Nature was a form of religion for naturalist, essayist, and early environmentalist Henry David Thoreau (1817 62). In communing with the natural world, he wished to "live deliberately, to front only the essential facts of life, and learn what it had to teach." Toward that end Thoreau built a cabin in the spring of 1845 on the shores of Walden Pond on land owned by Ralph Waldo Emerson outside Concord, Massachusetts. There he observed nature, farmed, built fences, surveyed, and wrote in his journal.
One product of his two-year sojourn was this book a great classic of American letters. Interwoven with accounts of Thoreau's daily life (he received visitors and almost daily walked into Concord) are mediations on human existence, society, government, and other topics, expressed with wisdom and beauty of style.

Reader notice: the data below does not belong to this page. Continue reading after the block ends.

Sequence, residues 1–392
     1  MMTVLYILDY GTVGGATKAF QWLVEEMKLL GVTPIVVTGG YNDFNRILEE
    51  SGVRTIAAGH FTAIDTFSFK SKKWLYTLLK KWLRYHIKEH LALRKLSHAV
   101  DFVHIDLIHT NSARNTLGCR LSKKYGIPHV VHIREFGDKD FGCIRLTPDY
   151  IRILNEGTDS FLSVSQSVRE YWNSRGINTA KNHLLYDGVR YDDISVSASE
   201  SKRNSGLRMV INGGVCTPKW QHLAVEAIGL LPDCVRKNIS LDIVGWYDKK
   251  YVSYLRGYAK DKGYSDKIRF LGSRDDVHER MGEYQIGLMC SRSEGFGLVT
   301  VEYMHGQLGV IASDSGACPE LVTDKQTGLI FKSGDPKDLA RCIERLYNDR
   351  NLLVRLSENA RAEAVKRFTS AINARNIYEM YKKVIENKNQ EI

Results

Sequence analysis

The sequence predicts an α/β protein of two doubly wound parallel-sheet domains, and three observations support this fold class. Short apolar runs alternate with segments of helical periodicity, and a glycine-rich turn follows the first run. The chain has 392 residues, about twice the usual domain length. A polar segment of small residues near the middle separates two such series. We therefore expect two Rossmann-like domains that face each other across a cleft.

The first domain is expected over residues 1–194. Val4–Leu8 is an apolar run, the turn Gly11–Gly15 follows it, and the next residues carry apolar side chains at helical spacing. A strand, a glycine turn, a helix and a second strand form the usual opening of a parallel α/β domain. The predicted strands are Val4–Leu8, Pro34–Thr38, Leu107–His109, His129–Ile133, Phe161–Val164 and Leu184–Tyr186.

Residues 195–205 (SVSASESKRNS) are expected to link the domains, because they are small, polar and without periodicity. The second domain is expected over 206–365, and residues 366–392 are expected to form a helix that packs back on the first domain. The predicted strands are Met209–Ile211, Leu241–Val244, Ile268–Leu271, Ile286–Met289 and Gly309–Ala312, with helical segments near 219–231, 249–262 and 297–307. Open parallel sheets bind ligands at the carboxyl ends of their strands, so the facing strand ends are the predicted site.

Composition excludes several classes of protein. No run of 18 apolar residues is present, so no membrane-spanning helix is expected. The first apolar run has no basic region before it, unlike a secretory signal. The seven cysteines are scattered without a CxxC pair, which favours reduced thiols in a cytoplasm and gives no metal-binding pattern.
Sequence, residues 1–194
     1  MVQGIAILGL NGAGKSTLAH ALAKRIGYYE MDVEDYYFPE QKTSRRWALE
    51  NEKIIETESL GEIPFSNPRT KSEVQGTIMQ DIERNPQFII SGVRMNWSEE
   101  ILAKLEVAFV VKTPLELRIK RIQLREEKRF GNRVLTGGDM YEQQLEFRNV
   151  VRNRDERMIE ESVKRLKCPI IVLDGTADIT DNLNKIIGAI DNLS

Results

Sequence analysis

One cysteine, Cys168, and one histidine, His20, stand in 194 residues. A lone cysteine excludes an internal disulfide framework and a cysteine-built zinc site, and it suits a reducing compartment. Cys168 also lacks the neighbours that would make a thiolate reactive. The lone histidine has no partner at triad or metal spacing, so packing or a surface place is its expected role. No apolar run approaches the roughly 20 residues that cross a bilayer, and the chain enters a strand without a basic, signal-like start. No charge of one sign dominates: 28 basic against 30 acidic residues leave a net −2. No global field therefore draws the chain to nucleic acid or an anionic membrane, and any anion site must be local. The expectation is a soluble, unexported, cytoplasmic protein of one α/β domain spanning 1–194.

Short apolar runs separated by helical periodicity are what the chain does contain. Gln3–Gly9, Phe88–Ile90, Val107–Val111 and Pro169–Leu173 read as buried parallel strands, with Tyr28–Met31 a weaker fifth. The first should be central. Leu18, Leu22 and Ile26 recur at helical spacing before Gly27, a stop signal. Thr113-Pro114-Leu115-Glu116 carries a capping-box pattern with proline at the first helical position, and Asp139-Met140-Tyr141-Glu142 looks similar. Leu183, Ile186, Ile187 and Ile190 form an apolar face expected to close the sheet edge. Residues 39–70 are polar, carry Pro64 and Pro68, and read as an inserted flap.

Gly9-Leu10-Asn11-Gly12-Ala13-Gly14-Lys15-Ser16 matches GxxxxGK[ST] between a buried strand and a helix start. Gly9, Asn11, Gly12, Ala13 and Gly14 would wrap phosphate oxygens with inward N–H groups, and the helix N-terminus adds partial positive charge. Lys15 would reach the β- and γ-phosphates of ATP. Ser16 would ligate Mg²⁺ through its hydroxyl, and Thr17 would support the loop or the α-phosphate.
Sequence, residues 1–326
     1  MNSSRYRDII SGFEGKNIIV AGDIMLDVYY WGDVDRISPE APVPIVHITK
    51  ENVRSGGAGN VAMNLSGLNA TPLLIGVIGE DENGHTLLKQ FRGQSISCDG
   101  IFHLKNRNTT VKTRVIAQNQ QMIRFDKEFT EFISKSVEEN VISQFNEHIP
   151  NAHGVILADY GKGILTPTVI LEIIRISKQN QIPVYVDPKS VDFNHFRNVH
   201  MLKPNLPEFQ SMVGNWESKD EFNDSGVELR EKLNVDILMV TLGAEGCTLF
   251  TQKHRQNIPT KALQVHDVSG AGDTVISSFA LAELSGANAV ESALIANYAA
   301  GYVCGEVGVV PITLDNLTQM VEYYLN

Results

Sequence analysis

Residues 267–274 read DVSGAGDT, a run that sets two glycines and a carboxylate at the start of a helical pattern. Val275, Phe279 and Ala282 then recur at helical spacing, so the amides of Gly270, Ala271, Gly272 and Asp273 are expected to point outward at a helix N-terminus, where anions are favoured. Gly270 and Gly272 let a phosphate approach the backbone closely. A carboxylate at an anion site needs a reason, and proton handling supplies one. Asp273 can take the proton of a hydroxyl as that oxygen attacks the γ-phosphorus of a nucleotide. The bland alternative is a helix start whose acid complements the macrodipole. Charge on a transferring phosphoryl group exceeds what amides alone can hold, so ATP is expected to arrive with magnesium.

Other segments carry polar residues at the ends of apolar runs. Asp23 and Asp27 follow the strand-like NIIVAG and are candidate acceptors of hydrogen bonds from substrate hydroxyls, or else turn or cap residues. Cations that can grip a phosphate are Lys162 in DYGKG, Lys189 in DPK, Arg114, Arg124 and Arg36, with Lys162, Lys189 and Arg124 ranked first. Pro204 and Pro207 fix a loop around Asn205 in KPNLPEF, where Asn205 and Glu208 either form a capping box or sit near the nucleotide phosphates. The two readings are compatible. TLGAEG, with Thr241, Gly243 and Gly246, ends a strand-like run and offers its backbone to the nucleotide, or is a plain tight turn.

"Walden" offers abundant evidence of Thoreau's ability to begin with observations on a mundane incident or the minutiae of nature and then develop these observations into profound ruminations on the most fundamental human concerns. Credited with influencing Tolstoy, Gandhi, and other thinkers, the volume remains a masterpiece of philosophical reflection.
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